PR

An interesting lesson in crisis communications

If you know anything about football or have been paying attention to the news at all lately, you’ll know that the National Football League has had quite the scandalous year. From a PR standpoint, it’s been nothing short of a nightmare!

Most recently, the NFL and my home team, the New England Patriots, have been stuck in this infamous, never-ending controversy known as ‘deflategate.’ As a refresher, deflategate came about when Tom Brady - quarterback of the Patriots - was found to be playing with footballs that looked to be deflated during the first half of 2015 AFC championship (the game before the Super Bowl XLIX). Some say deflating a football is supposed to give a person a competitive advantage (it’s easier to grip), but the Pats still demolished the Indianapolis Colts 28-0 in the second half after the footballs were corrected. Did it really make that much of difference? Eh, no! Pardon my biased tone, I grew up in the greater Boston area.

Deflating footballs is a clear violation of the NFL playing rules and unfortunately, this wasn’t the first time the Patriots have been found doing questionable things. This led a sequence of on-going awkward press conferences and media reports, which had Brady, Patriots coach Bill Belichick, and the NFL Commissioner Roger Goodell under fire.

Under pressure to act, the league decided to investigate the situation, which was led by attorney Ted Wells. They released a nearly 250 page Wells Report which found that Brady was “generally aware” (and most likely he was) that the footballs were deflated. The league suspended him for four games (that’s fair, he broke the written rules of the game), fined the team $1 million (they can afford it), and took away certain drafting picks until 2017 (that hurts).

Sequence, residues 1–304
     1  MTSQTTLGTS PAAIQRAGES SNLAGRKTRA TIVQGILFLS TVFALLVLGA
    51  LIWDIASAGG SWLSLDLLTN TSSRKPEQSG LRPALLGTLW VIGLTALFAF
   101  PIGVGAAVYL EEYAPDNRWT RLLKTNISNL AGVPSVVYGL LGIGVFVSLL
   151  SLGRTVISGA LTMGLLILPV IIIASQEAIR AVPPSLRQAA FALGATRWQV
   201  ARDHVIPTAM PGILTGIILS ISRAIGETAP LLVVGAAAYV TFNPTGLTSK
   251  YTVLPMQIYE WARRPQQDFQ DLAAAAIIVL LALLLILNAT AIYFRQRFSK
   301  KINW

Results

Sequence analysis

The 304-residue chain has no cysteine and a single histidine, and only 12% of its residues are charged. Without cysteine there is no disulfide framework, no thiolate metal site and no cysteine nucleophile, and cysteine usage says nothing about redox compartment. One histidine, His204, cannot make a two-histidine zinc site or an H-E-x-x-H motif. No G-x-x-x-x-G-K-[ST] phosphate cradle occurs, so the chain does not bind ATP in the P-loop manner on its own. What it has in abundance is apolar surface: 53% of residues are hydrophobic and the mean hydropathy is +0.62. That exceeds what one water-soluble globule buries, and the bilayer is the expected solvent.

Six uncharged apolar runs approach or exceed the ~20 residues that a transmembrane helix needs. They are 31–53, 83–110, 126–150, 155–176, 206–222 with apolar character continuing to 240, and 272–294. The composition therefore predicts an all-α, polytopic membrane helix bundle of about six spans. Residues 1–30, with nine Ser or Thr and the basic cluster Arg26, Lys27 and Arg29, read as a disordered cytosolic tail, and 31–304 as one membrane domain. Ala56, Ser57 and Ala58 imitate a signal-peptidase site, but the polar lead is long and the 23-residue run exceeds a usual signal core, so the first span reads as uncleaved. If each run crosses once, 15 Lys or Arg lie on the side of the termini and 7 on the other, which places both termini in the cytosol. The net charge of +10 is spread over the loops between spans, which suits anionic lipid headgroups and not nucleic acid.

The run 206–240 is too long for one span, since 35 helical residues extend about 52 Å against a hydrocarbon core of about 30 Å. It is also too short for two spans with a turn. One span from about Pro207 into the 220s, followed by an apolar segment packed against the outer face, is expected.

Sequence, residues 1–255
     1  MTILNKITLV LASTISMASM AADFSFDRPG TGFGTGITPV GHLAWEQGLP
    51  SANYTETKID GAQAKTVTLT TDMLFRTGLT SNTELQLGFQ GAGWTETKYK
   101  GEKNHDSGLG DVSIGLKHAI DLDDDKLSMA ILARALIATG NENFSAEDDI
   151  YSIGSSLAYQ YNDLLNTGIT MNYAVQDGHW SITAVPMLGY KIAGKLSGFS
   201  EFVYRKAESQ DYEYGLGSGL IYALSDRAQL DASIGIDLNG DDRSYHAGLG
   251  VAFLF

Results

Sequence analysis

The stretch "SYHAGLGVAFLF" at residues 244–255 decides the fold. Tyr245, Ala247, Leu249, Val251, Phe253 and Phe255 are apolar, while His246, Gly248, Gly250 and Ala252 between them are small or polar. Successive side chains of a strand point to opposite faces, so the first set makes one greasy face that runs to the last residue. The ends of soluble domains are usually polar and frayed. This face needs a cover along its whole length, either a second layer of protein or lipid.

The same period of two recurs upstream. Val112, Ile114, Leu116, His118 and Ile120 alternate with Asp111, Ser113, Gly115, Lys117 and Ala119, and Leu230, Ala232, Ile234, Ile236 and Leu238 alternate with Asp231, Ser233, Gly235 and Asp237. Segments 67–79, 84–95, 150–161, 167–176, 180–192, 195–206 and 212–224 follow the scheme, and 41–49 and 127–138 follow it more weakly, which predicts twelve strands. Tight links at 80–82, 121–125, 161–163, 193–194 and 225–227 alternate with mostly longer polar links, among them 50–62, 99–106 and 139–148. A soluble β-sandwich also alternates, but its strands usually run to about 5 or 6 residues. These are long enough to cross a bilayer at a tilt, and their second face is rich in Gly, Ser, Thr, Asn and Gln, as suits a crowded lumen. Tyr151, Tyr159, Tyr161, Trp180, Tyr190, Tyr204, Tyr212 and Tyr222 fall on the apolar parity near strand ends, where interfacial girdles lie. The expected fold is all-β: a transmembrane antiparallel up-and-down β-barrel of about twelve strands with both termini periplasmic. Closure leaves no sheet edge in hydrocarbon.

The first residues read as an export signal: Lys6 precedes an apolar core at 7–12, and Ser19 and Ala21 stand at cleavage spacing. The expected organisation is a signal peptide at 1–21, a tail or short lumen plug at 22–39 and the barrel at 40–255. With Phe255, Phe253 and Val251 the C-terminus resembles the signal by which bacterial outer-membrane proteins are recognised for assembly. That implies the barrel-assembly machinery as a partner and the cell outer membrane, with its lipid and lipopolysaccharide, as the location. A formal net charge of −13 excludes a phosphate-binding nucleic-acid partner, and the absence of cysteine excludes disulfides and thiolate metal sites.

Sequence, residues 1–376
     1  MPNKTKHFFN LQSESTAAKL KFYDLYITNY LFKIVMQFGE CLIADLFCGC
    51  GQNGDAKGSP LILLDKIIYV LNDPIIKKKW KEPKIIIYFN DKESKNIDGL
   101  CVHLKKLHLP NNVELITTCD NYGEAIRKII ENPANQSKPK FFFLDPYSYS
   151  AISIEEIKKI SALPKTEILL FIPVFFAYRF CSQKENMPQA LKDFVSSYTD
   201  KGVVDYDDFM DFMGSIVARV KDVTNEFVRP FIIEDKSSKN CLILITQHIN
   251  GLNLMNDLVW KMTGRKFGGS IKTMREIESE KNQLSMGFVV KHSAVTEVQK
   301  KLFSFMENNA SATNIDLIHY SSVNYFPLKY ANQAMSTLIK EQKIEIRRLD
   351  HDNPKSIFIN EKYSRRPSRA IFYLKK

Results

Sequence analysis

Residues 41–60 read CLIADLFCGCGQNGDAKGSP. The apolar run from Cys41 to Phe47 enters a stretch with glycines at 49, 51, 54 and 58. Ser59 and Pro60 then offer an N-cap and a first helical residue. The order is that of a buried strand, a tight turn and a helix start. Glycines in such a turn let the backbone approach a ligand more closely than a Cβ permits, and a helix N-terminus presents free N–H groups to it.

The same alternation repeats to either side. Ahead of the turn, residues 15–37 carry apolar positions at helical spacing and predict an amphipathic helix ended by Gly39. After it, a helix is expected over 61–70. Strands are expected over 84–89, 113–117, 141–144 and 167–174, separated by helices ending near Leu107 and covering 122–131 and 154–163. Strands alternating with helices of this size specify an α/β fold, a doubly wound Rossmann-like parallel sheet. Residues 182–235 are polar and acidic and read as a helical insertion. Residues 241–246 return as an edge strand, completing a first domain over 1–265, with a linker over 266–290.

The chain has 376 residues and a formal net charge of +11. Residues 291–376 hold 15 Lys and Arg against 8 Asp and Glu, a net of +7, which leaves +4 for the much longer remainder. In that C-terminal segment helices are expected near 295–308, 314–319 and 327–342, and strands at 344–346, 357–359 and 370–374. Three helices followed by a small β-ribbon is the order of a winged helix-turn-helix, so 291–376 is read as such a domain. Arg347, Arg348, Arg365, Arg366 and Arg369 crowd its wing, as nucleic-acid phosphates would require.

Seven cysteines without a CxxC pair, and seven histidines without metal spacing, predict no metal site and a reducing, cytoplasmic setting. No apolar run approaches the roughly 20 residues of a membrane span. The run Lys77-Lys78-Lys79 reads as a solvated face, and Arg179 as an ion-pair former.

In effort to fight back, the Patriots launched a website called The Wells Report in Context, which has their lawyer explaining or disproving the most incriminating claims from the original report.

For example, the NFL and Wells Report discussed a series of suspicious text messages where a locker room attendant called himself  the “deflator.” The Pats and The Wells Report in Context justify that is was a conversation about one locker room attendant’s efforts to lose weight.

Brady has since appealed the ruling through the NFL Players Association, and Players Association requested for a neutral arbitrator. Roger Goodell denied the request and said that he would preside over the appeal. This decision has brought an immense amount of criticism against him and the league from fans and the Patriots, who are accusing Goodell of being unfair. This has *slightly* shifted the media focus away from the Pats and back on the NFL.

The Wells Report in Context does serve as an interesting lesson in crisis PR and how a company or organization can respond if they feel like there’s no way out of a bad situation. Some of the points may have been absurd, but the Pat’s report was simple, to the point, and tells their side of the story in their own words. Since the appeal hasn’t happened yet, it’s very likely this story will remain in the news cycle and will be interesting to see how it all unfolds as the new season begins. Stay tuned!

Cutline Communications
Published: Jun 2, 2015

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